Hello gwp and thank you for you question.
The radio tower at Council Crest in Portland, Oregon, is also known as
'Stonehenge' or the 'KGON' tower.
4700 SW COUNCIL CREST DR
PORTLAND , OR 97239-1440
The 600 foot tower hosts KBOO, KGON, KPDQ-FM, KXJM, KKSN-FM and KWJJ,
FM stations and it also has a 2GHz Microwave Antenna 470 feet up.
Before the tower was built, there were some problems because the old
FM station antennas were so low to the ground that there was
interference from highly concentrated RF emissions. However there is
no longer any interference as they are now situated in the tower very
So now we know that the RF emissions are no longer a problem, what
about the 2GHz Microwave Antenna?
Well, the microwave antenna is used for telecommunications
On mountain tops, you will see towers with small dish antennas that
bounce microwaves from one dish antenna to another one that is perhaps
10 to 50 miles away. (The distance is really limited by the curvature
of the Earth.) Because of their high frequency, they can carry many
telephone conversations or many internet signals simultaneously."
Are microwave antenna safe?
"Microwave antennas mounted on free-standing towers or water towers
typically result in ground-level radiation fields many orders of
magnitude below the limits specified in Subchapter 42. Based on
current research findings, it is not expected that any adverse health
effects would result from exposure to radiation levels under these
circumstances. As a comparison, radiation levels on the ground from
these antennas are typically 10,000 times lower than the normal
leakage encountered a few inches from the surface of a microwave oven.
Some antennas may be mounted on rooftops or water towers. In these
situations, for a few antennas, Subchapter 42 limits may be exceeded
if one is standing directly in front of the antenna, a few inches from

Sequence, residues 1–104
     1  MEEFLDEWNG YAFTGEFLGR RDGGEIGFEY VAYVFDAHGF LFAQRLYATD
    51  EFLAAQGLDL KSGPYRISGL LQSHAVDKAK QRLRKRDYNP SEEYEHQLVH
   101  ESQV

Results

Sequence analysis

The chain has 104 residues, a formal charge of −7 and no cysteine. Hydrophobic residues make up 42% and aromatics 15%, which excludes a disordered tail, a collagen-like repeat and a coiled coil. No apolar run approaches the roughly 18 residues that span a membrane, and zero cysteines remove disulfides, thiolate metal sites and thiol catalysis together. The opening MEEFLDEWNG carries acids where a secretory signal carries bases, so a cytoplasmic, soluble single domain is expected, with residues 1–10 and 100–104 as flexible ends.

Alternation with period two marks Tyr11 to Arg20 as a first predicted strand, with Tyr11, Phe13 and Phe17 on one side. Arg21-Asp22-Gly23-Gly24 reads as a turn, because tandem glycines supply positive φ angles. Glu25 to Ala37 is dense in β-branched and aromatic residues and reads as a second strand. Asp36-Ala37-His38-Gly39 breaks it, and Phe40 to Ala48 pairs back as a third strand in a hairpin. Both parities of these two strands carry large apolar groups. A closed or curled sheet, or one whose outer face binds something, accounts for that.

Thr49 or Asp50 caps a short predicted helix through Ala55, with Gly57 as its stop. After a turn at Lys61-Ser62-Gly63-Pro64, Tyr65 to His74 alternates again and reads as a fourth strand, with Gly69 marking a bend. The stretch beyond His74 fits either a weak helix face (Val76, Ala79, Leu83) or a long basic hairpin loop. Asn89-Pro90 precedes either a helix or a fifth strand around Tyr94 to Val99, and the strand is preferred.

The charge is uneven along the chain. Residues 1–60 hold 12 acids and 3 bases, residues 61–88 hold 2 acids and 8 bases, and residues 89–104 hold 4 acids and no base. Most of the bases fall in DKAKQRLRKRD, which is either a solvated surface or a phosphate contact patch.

the antenna face. For many other antennas, the power levels are so low
that Subchapter 42 limits will never be exceeded, even right up
against the antenna."
Also see (regarding Council Crest specifically) :
"Radio- and TV-tower fights are not as common, and victory for those
opposing broadcasters is rarer still. Take the folks of the Healy
Heights neighborhood in a hilly suburb of Portland, Oregon, called
Council Crest. By the late '80s, the community was already the home of
a sizable antenna farm (locals called it an "electric jungle") spewing
highly concentrated RF emissions, so when rock station KGON proposed a
new tower that, at 607 feet, was almost twice as tall as any on the
site, neighborhood groups mobilized.
Pointing to a study by a researcher at Oregon Health Sciences
University that purported to show an elevated incidence of leukemia
near the Healy Heights site and others like it in the area, activists
beseeched local authorities and the FCC to intervene. But
representatives of KGON, who assured government types that the new
antenna would actually lower RF levels on the ground, eventually
The tower was built, and after it became operational, consultant
Richard A. Tell, who'd been hired to conduct RF field studies prior to
its construction, returned to do further measurements. "The results
were just as the broadcasters predicted," he says. "Because the
antennas that had previously been close to the ground were higher up,
the ambient field levels dropped noticeably. The people there had all
kinds of worries about it, but it operated precisely the way we
thought it would, and I haven't heard any hue and cry from them
"Question - I live close to a radio antenna. Does it have radiation.
If so, how much and what is the safest distance?"
"There is no problem living near a radio antenna. Radio waves are no
more than electromagnetic waves that fulfill our universe. They are
like waves on a lake surface and the major part is invisible to us."
"Dr. Ken Mellendorf
Illinois Central College"
There is no scientific evidence to suggest that living close to a
radio tower is harmful, although it has to be said that there are many
individuals and organizations who caution against it, but it seems
that these objections are not based on any scientific fact (that I
could find) For an example of a website against microwave towers see:
Thank you for your question, and if you need any clarification of my
answer, do not hesitate to ask before rating my answer.
Very best regards,
Search strategy included:
"Microwave tower" safe